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NEA & AFT Ties to Occupy Wall Street Protests
posted by: Cindy Omlin | October 27, 2011, 07:48 PM   

For example, in the union-stronghold of California, teachers have begun to take the fight into the classroom with a lesson plan entitled, "Who Are the 99%? Ways to Teach About Occupy Wall Street." Even CA-NEA affiliate President Dean Vogel called on the rich to pay more taxes. "It's time to put Main Street before Wall Street, and for corporations to pay their fair share of taxes," he said.

As the protests continue and the union rhetoric becomes more radical, one can't help but find the situation ironic. As RiShawn Biddle points out in the American Spectator, "Few organizations have managed to become so influential -- and build such vast coffers -- at the expense of taxpayers and their children." Sadly, a picture of Randi Weingarten protesting a few blocks from her posh Manhattan office complaining about the newly famed "one percent" is hypocritical to say the least.

An examination of the staggering amount of money compiled by the teacher unions puts the situation into perspective. The AFT collected $211 million a year in dues during the 2010-2011 fiscal year, while the even larger NEA pulled in $397 million. Taking into consideration affiliate state groups, the unions collectively take in about $1 billion, over half of which is taken by force in states with compulsory unionism. If you take into account their vast budgets, the NEA and AFT numbers align nicely with the corporations they so vehemently criticize.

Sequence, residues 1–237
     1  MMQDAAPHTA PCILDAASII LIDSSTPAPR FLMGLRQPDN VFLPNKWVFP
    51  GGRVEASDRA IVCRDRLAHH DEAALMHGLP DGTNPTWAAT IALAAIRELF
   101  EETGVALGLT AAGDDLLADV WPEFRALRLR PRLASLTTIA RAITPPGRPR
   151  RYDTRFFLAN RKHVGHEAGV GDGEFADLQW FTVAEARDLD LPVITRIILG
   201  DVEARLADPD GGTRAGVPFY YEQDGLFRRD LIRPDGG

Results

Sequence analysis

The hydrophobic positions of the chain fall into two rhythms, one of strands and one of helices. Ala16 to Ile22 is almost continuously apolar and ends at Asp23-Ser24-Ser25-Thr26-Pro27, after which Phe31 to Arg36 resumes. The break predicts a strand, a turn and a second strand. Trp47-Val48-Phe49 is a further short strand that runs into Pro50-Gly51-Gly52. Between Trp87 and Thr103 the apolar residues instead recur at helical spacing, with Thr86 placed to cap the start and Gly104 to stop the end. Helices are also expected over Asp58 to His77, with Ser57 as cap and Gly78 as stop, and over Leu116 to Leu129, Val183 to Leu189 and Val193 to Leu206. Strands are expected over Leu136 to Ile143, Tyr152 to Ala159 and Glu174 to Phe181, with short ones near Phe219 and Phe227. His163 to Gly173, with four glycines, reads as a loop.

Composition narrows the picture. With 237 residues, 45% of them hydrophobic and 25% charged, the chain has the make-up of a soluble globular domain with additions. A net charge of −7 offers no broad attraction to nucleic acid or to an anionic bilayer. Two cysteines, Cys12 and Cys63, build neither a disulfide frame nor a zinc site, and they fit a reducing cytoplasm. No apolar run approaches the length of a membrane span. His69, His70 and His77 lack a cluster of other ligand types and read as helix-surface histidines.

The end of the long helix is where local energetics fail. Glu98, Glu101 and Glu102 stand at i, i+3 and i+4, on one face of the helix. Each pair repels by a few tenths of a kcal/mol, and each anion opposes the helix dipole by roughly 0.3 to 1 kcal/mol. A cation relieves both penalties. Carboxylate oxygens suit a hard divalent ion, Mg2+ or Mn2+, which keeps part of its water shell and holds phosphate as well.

In terms of salaries, the union executives rake in nearly 10 times the average household income. AFT President Weingarten collected $493,895 in 2010-2011, a 15 percent increase from the previous year. Are teachers or anyone in the private sector experiencing those increases in times of financial hardship? When nearly 600 staffers at the NEA and AFT are hauling in over six figures, the interests of the rank and file seem extremely far off.

In terms of their political power, the NEA and AFT far surpass Wall Street interests. The $297 million in campaign donations given by the unions in the last decade make them the biggest players in local, state, and national politics–period. Alone, the AFT spent $34 million last year on lobbying and contributions to like-minded groups, including the Economic Policy Institute, a think tank whose studies on education somehow always shake out in the unions favor.

Considering the staggering amount of power and influence the unions have, perhaps the young people of the Occupy Wall Street protests would be better served turning the spotlight on some of their own big money supporters. As RiShawn Biddle asserts, maybe one among them may become the next Michelle Rhee or Wendy Kopp who will work for the real little guy– our nation's children.

What do you think about the union alignment with the Occupy Wall Street protests?

Comment below.

Originally posted by Alix.

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